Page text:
Mexborough and Swinton Times April 29, 1927
Conisborough Musical Society
The Conisborough musical Society gave an excellent concert last night, in the Epworth Hall, Denaby. There was a large and enthusiastic audience. The Society had arranged a most interesting and varied programme of vocal and instrumental solos, part songs, orchestral items and community singing.
Mr Colin Smith, of Sheffield, the celebrated cellist, thoroughly delighted the audience. His selections included introduction and “polonaise brilliante” (Chopin); a beautiful little trio, “Serenade Espagnole” (Glazounov), “ Apres un Reve” (Faure), and “Tarantelle” (Popper); also “dance of the elves” (Popper) and “Mah,” a Swedish air by Lindislad. Mr Smith played like the splendidly equipped artist years.
The audience also thoroughly enjoyed the portion of the programme allotted to them, and under Mr Twelves inspiring leadership, the community singing went with a swing.
The items were:
“John Brown’s Body,” “Billy Boy,” “London’s Burning,” “The Old Folks at Home,” “Shenandoah,” “The Rio Grande,” and “Auld Lang Syne.”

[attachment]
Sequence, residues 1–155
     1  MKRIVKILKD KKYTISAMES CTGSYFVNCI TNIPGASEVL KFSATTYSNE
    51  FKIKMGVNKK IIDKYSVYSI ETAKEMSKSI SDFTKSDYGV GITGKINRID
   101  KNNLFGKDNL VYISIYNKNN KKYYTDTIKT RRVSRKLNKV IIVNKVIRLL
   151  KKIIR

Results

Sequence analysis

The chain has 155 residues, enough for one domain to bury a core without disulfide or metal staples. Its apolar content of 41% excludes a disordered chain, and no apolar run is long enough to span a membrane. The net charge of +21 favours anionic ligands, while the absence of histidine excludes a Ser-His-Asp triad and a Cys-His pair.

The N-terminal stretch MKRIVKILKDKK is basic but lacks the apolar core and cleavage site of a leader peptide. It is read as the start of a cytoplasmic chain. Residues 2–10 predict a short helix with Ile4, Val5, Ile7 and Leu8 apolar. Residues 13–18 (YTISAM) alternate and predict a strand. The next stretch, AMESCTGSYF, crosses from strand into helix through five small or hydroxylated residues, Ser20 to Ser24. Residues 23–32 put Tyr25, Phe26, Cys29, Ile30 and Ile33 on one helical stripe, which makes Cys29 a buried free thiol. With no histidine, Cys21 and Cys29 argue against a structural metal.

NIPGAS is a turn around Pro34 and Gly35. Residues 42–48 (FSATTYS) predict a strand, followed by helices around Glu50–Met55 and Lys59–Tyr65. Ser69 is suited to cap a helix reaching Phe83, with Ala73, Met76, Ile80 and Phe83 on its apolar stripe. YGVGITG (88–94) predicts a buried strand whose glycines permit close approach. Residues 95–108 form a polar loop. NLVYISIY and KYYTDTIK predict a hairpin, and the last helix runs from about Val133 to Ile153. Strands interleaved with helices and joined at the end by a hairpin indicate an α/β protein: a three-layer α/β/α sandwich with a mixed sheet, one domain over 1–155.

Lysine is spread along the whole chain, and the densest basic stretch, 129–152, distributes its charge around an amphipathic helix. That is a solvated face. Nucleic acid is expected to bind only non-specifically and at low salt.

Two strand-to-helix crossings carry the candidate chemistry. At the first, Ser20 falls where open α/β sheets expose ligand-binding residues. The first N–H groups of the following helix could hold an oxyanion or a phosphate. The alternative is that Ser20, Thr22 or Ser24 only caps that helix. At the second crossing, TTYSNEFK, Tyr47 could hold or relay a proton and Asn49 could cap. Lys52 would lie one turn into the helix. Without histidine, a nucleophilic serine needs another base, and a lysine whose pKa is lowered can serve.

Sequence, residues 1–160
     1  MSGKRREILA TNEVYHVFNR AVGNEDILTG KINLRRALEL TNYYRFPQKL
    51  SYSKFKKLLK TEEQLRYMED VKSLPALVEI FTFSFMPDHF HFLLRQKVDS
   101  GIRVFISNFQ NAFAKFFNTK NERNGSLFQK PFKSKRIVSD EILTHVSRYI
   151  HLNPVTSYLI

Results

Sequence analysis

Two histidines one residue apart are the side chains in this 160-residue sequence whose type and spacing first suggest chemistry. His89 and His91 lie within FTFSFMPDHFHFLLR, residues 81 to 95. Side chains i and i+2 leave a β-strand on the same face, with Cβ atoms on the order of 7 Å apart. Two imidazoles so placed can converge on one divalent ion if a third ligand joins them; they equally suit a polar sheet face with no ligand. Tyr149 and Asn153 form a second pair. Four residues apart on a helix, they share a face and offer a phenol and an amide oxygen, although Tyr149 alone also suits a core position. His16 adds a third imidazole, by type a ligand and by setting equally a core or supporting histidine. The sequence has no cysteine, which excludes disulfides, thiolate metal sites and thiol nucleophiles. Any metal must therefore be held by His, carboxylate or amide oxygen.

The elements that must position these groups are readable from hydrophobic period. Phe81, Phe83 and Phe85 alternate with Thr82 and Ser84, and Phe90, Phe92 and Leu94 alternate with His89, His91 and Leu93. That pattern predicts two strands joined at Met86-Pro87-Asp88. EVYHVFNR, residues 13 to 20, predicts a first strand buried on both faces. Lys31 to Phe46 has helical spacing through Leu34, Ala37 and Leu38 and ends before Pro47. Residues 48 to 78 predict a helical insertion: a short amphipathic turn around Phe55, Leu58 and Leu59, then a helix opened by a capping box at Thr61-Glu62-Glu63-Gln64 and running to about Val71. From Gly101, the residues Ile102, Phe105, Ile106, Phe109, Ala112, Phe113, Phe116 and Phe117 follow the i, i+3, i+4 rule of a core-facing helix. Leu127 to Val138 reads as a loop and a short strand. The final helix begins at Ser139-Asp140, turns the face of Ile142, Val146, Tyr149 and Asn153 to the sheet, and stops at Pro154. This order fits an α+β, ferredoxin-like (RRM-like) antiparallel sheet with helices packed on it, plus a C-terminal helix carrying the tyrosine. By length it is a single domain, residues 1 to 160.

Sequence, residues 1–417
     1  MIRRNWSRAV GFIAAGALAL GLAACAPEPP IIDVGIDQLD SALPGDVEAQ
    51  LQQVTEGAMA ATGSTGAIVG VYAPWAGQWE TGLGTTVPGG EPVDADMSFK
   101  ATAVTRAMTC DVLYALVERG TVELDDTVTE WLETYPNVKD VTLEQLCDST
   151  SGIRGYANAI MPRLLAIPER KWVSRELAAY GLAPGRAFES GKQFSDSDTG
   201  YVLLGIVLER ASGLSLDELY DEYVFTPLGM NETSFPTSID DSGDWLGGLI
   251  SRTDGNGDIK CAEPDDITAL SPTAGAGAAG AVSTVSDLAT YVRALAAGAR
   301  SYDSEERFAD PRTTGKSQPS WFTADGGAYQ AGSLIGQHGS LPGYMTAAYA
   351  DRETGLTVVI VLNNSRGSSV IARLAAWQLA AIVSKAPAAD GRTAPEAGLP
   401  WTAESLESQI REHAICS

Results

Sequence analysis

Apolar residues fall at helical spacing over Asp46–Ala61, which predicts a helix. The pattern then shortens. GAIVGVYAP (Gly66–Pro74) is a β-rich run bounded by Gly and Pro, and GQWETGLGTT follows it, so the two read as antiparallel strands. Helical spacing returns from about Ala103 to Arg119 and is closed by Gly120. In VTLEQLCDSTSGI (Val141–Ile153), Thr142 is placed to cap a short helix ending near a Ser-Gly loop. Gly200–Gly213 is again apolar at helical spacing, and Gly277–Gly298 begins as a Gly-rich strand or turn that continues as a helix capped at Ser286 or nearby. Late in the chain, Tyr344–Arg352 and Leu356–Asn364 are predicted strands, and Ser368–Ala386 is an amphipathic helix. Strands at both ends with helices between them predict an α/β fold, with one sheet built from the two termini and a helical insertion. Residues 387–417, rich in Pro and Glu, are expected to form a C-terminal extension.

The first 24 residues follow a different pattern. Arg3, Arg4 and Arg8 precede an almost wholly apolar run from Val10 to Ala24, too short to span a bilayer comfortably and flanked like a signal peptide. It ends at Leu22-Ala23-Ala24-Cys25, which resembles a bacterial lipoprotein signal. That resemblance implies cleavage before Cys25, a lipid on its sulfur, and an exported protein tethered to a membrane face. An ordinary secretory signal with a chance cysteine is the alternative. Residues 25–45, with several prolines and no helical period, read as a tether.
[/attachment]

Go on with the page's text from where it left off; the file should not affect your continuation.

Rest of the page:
Mr Tom Purves, principal tenor of St Paul’s Cathedral, found the audience very appreciative. He has a beautiful and warmly expressive voice and use it brilliantly. His enunciation was delightfully clear, especially in the famous prologue from “I Pagliacci,” and the great “Hiawatha” solo, “Onaway, Awake Beloved.” His other items were “Linden Lee (Vaughan Williams), “Now sleeps the Crimson Petal,” and “O Mistress Mine” (Quilter).
Mr Smith and Mr Purvis were repeatedly encored.
The choir again added to their excellent reputation, being well balanced, with good quality of tone. They sang two delicious Elgar part songs “The Dance” and “lullaby”; and then other items were “Sleep, gentle lady” (Bishop) and “Drakes Drum.”
The orchestra played an arrangement by Roger Quilter of “The Londonderry Air,” the simplest but most charming of melodies, and it was excellently played.
The society’s conductor an excellent reason to be satisfied with the performance, and with the audiences appreciation of his choir and his own handling of it.
The work of the accompanists, Miss Ivy Smith of Sheffield, and Mr E Dabbs, the society’s own pianist, was a very noticeable feature of the concert.
You Tube Links to Some of the Songs: